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What's the light pollution like where you're at?


Manok101
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I've stated a few times that I live in the southern US and after 930 pm or so the night sky looks quite good while I can't see the milky way I can see all of the major constellations plus a lot of the minor stuff(this only with the scope). I was just curios about where everyone lives and what the condition of the sky was as well.

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Mine is not good on average. We have a railway yard behind us and it all depends on them. If they are not working, the eastern sky is good but the southern and western horizons are always disastrous. If the railway are working there's no point in setting up at all, not even for planets. Imagine 5 full moons in the sky at once at that's how much light they kick out. A huge dome of light that extends right upto the zenith. So bright that not even a first mag star can be seen. And according to my local MP and local council, there's not a problem.....it's only me that has the problem!

Edited by russ
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I chose a sky especially for astronomy and the best I could find in mainland Europe offers a mag 7 zenith to young and talented eyes. Below about 20 degrees there is slight LP but the Milky Way certainly shines brightly down to the horizon. The Zodiacal light is very easy, the Gegenshein more difficult but I think I can see it!

Olly

Edited by ollypenrice
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My sky is pretty good, limiting mag 6.3 on VERY good nights, but that's all about to change in the next few years with a new housing development in my village that's in the pipeline (but not official yet).

There's a dome of LP in the north and east from towns 20 miles away. South and West is pretty dark.

Yup, I'll be the first to be requesting that ANY street lighting (we currently have none) be turned off at 11pm.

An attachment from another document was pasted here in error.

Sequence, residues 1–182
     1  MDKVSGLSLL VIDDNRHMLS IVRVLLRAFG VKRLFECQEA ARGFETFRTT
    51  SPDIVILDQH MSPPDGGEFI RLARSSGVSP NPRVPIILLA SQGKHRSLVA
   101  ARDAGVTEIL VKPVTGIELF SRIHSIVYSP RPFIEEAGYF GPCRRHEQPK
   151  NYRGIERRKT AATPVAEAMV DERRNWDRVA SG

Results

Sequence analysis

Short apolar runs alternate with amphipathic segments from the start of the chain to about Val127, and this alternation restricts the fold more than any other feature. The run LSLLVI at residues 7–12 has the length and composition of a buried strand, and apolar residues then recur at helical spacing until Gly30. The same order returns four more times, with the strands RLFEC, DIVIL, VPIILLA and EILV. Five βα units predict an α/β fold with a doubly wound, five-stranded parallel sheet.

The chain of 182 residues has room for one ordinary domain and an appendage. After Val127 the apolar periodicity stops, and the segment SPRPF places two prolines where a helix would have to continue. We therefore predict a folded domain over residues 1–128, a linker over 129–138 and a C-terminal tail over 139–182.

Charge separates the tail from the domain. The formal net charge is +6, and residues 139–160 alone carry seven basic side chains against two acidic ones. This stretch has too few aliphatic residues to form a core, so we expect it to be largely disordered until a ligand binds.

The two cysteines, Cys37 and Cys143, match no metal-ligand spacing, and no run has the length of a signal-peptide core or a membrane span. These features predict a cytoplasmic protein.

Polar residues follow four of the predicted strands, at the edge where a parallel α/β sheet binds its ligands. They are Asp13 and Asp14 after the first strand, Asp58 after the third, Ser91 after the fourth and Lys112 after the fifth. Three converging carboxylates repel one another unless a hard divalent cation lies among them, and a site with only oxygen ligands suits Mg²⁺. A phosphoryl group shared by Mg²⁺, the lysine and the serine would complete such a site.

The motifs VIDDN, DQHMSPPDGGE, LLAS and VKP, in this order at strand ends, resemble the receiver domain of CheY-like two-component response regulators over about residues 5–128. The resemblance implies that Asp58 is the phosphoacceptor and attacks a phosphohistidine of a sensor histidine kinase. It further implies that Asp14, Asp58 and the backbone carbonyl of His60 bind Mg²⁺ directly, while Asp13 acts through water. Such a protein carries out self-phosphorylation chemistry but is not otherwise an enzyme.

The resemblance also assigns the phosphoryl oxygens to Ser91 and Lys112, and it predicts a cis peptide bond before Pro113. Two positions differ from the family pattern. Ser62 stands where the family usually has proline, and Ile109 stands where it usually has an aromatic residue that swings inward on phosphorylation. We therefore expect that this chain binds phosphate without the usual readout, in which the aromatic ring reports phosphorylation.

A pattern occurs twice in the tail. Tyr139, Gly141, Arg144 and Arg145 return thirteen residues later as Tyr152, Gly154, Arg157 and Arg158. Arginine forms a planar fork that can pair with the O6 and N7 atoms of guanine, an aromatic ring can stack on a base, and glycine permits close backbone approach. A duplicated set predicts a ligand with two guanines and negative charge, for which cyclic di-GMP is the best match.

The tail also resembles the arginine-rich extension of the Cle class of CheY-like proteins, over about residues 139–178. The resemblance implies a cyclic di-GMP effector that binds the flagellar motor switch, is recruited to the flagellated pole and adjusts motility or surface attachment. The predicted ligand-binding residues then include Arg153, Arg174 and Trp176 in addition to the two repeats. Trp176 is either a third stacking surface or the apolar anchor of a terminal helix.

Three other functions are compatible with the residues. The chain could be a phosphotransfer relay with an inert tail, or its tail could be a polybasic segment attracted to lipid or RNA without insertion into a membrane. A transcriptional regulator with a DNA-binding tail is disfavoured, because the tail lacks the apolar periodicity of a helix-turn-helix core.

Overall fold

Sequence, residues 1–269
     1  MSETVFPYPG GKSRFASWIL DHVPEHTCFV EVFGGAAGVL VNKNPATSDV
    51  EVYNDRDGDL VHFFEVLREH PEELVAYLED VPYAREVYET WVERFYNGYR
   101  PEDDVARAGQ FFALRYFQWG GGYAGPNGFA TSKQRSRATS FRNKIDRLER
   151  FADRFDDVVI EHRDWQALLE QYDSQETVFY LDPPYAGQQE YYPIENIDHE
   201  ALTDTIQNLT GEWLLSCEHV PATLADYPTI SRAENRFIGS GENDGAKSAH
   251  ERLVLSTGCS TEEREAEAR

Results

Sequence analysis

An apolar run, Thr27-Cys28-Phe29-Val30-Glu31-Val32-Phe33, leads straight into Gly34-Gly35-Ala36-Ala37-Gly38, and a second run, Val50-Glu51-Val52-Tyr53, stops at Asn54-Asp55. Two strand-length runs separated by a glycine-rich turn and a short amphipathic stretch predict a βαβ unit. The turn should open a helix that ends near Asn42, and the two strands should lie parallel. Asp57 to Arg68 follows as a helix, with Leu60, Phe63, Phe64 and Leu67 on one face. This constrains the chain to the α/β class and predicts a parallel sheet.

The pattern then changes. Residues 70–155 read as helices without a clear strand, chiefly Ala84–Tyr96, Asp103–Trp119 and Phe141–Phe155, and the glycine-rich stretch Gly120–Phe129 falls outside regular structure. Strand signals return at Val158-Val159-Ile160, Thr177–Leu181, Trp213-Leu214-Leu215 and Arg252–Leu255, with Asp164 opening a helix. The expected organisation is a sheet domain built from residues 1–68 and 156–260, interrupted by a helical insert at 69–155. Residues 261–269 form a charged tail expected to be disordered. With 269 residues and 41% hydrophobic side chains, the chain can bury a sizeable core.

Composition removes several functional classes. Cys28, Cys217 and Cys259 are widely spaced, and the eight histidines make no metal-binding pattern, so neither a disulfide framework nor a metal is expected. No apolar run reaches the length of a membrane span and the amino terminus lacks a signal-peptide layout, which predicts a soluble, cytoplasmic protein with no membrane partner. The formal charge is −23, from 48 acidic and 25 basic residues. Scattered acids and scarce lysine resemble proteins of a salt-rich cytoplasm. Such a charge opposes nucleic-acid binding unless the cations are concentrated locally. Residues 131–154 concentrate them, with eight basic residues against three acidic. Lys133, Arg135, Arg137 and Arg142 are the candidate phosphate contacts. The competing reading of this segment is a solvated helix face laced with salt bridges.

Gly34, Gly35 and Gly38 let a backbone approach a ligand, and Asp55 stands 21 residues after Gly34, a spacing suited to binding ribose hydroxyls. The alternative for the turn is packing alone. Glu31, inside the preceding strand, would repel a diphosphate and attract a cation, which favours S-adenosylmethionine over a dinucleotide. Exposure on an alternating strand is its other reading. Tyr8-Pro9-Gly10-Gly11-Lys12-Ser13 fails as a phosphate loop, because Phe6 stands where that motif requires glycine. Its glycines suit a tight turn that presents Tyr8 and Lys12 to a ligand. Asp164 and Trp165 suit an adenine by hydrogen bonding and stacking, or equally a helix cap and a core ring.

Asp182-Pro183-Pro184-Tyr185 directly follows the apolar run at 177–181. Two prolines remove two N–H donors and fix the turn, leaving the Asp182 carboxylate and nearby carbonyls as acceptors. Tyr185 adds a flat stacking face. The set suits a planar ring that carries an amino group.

Can't move house at the moment, either. :)

Currently looking for dark sky sites for when the time comes....

Edited by Beulah
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I don't know the limiting magnitude, but it's not *too* bad where I am. Unfortunately the darkest part of the sky (S and W) are blocked by houses, the rest has a very large glow form Peterborough. So when imaging I limit myself to at least 60deg alt. That can be a bit of a pain, but the night sky is so rich with DSOs it's not really a problem!

Yup, I'll be the first to be requesting that ANY street lighting (we currently have none) be turned off at 11pm.

A big problem for me is a planned, very nearby 5,300 home development that will be a dark-sky disaster. In fact, I think I'm going to contact the council and the developer now to put forward a streetlight switch-off idea as you suggest Beulah!

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As light pollution goes i have some of the most effective in the country. :D

I have a dark sky/light pollution map on the wall in my study and I am firmly in the yellow area, far too close to the edge of the orange area created by London and have to go about 40 miles to get a site where the sky could be considered dark. I did once see the milky way from my garden which i thought was a miracle. There must have been a power cut somewhere :)